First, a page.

**8.5. Radiative Efficiency**

The efficiency of a burst depends on three factors: First only the
electrons' energy is available. This yields a factor
_{e}.
Second, if
_{B} <
_{e} there is an
additional factor of *min*[1,
(_{B} /
_{e})^{1/2}] if
the IC radiation is not observed. Third, there is a specific Lorentz
factor,
_{e}, of
an electron which emits synchrotron (or
IC) radiation in the 100 keV energy band. Therefore, only the energy
radiated by electrons with
_{e}
_{e}
is observed as soft
-rays.
Assuming a power law electron distribution with an index *p* = 2.5 (see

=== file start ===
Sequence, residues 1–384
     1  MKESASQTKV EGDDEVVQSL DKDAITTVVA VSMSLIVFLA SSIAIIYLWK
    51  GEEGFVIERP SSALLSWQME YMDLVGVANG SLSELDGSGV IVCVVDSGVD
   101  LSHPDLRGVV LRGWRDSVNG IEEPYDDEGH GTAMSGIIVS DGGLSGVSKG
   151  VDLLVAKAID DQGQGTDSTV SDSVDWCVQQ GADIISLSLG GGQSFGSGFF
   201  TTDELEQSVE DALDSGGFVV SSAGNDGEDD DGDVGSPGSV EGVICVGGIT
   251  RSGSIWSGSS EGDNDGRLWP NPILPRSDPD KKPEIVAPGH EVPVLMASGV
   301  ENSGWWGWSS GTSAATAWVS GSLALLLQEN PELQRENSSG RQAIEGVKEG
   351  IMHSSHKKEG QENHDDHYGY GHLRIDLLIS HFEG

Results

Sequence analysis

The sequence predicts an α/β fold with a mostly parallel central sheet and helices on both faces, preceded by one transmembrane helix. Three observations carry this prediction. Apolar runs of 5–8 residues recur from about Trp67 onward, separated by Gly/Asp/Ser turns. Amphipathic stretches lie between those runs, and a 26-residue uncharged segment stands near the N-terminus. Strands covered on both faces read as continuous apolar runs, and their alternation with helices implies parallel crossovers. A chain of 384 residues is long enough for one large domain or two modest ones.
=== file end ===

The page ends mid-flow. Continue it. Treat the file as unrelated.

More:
[103])
this gives a factor of (_{e,min} /
_{e})^{1/2} (which is valid of
course provided that _{e,min} <
_{e}).
The total efficiency is the multiplication
of those three factors and it is given by:

(72) |

The efficiency depends first of all on the electrons' energy density
and to a lesser extend on the magnetic energy density. Both should be close
to equipartition in order that the efficiency will be large.
Additionally, in order that there will be photons in the 100 keV range
_{e,min} should be smaller than
.
However efficient production of soft
-rays
requires that _{e,min} will not be too small compared with
.
This estimate is, of course, different if the observed
-rays are
produced by inverse Compton scattering.